Friday, May 17, 2024

The City Schools Foundation awards more than $100,000 in grants to Murfreesboro schools


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Featured Photo from Bailey Brantingham

Story by Bailey Brantingham

The phrase “it takes a village” adopts a new meaning in Murfreesboro as educators and the local City Schools Foundation come together to provide additional funding to further enrich curriculum in Murfreesboro city schools. From sensory rooms to student coding and robotics materials, The City Schools Foundation is dead set on turning community funds into new academic purpose for schools across the city.

As government funding for schools is often limited to basic classroom needs, The City Schools Foundation aims to supplement where public funding is lacking, helping educators reach new heights in creative curricula.

“It’s about where teachers want to be innovative and do something that isn’t tax-funded,” said Lisa Trail, Foundation director of communication and strategic initiative. “They have an idea, and they go, ‘Okay, could I get money to try this?’”

Consisting of a board of local business-leaders and community volunteers, the foundation hosts two annual fundraisers, the Excellence in Education event and the new Serve it Up tennis tournament. With help from sponsors and other foundations, The City Schools Foundation was able to distribute over $100,000 in grants this school year.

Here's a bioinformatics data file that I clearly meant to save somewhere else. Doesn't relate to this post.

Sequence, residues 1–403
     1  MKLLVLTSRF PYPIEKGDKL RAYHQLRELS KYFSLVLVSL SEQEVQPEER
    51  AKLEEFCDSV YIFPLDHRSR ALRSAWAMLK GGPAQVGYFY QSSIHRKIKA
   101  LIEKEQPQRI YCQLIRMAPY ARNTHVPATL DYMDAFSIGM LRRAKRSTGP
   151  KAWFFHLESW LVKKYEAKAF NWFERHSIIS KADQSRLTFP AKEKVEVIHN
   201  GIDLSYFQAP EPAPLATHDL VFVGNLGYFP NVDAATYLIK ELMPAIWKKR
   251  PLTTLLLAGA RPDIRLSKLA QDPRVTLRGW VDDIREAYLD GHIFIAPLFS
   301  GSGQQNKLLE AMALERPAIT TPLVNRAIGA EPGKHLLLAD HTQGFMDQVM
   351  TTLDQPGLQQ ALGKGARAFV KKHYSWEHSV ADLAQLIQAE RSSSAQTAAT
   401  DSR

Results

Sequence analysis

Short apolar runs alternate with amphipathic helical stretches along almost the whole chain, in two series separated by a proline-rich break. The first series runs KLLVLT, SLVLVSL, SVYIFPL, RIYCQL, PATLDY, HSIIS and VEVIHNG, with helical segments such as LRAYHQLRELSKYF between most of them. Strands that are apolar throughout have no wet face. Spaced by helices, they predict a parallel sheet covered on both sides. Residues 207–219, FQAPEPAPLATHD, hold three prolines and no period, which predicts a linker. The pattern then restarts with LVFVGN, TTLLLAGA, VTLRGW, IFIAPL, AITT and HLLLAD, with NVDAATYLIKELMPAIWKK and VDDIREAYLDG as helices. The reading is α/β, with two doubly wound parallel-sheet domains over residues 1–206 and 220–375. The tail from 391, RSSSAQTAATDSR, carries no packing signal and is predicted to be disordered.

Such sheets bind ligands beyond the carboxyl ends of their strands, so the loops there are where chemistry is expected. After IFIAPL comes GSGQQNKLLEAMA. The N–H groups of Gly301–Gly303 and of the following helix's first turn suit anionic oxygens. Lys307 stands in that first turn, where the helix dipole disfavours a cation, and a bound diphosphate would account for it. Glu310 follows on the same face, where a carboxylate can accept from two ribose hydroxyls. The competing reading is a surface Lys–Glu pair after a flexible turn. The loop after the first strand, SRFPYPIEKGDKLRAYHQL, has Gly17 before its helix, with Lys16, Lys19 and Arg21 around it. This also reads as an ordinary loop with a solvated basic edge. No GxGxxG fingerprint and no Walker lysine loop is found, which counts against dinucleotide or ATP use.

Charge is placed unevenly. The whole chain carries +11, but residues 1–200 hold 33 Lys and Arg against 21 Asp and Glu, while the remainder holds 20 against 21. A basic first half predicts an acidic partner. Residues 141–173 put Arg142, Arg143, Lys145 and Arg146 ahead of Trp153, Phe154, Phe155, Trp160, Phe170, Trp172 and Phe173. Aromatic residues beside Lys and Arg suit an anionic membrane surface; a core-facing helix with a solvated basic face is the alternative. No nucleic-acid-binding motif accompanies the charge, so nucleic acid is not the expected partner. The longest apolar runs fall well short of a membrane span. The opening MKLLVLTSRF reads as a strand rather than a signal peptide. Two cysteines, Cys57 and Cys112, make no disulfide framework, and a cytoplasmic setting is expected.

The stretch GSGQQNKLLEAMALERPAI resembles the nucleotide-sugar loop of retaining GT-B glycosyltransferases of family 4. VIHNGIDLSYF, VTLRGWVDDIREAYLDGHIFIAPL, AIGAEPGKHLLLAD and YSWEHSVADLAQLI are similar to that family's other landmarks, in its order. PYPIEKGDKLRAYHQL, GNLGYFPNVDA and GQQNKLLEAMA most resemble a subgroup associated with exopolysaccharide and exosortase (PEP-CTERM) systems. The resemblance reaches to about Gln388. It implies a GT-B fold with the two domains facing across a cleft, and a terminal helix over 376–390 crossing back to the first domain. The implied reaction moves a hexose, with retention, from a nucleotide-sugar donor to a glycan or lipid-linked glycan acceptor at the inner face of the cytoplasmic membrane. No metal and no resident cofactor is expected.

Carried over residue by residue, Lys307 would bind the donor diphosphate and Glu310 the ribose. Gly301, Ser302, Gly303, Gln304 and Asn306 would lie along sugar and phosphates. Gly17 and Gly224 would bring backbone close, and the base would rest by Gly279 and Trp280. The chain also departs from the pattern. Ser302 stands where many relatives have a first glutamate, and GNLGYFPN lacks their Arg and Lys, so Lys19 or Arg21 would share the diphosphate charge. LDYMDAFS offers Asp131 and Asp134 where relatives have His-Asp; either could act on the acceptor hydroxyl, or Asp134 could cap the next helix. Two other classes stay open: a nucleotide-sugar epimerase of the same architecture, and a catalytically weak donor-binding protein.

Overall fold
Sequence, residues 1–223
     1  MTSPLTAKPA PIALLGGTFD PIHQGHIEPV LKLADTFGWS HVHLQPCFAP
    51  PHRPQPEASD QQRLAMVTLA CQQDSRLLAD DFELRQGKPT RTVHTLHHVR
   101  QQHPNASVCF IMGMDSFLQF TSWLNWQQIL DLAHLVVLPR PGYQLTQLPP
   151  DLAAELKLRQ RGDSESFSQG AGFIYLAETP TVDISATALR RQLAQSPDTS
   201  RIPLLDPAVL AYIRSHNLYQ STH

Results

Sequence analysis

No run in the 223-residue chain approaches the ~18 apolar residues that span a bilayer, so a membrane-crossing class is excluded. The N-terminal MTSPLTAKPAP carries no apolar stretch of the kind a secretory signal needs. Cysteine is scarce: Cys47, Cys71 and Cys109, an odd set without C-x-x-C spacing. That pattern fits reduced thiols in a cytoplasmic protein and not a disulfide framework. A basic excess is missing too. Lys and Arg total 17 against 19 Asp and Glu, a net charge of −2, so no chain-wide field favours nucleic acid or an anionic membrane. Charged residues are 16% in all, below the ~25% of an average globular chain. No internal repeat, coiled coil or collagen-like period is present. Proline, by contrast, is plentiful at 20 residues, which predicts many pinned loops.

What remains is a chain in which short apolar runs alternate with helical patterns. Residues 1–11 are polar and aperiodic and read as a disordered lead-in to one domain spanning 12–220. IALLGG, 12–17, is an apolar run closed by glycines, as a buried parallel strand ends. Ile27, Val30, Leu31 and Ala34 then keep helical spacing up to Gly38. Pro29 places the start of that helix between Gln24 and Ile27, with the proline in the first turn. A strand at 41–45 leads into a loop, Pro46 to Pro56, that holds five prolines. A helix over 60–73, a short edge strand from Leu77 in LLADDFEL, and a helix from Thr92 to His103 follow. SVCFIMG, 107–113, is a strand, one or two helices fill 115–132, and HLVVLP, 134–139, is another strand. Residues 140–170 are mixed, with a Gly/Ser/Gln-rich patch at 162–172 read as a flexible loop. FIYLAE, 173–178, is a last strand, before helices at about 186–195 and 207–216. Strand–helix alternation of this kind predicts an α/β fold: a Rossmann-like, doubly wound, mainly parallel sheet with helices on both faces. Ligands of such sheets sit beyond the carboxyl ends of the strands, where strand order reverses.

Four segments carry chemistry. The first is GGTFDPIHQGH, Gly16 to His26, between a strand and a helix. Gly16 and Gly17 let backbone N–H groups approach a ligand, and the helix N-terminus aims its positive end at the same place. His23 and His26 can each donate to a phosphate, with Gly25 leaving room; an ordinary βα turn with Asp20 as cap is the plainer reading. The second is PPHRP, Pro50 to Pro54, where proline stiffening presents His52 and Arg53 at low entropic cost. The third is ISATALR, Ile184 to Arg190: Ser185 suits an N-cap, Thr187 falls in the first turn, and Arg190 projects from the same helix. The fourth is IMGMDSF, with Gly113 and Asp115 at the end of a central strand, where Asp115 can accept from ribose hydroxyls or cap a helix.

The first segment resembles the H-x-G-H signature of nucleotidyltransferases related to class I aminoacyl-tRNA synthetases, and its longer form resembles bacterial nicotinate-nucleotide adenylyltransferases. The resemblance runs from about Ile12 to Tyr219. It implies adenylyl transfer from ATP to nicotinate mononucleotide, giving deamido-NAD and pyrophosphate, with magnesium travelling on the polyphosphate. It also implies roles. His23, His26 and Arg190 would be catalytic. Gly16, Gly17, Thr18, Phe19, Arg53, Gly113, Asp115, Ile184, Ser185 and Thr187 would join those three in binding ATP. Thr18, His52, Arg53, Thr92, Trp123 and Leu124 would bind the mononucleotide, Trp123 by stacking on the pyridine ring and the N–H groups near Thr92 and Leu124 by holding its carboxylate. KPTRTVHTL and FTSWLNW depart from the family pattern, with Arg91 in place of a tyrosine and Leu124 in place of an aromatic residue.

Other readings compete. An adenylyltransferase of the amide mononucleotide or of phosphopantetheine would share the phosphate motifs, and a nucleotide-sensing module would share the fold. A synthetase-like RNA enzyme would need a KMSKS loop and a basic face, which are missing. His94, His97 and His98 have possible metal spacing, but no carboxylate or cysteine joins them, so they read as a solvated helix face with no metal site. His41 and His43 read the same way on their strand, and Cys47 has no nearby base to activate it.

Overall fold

As for the grants themselves, the Foundation’s Grant Committee scores anonymous submissions from around the city and, after careful review, decides which ones will be funded. Past grants have ranged from $150 to nearly $10,000.

One grant recipient, Kathie Brown, a fourth grade math teacher at Reeves-Rogers Elementary, received a grant of $9,988 during the 2022-23 school year. With the continuous modernization of the world, Brown emphasized the importance of adapting the skills and curriculum taught to students preparing to enter it. Skills like computer coding are becoming increasingly desirable in the job market, but schools have yet to fund the nurturing of these skills or adapt them into the current curriculum.

“I wanted to see more hands-on coding activities. You know, you have the ‘Hour of Code’ where they want students coding one hour out of their entire year of school, but I just felt like that wasn’t enough,” Brown said.

With the grant money, Brown was able to buy Lego Learning System sets for her school. The sets allow students to create and build with colorful Lego figures, while also learning basic coding language.

“It’s a great opportunity for teachers to get a little money to work on or add something to their class that they feel like would be beneficial to the students. It’s a great resource,” Brown said. 

With grant requests for everything from extravagant feats, like new instruments or iPads, to the simplest of needs, like new whiteboards and dry erase markers, it’s clear that public education is currently funding the bare minimum for local schools. However, teachers and students agree that Murfreesboro is lucky to have The City Schools Foundation to supplement these shortfalls and fund the academic dreams of the next generation.

Bailey Brantingham is a contributing writer for MTSU Sidelines.

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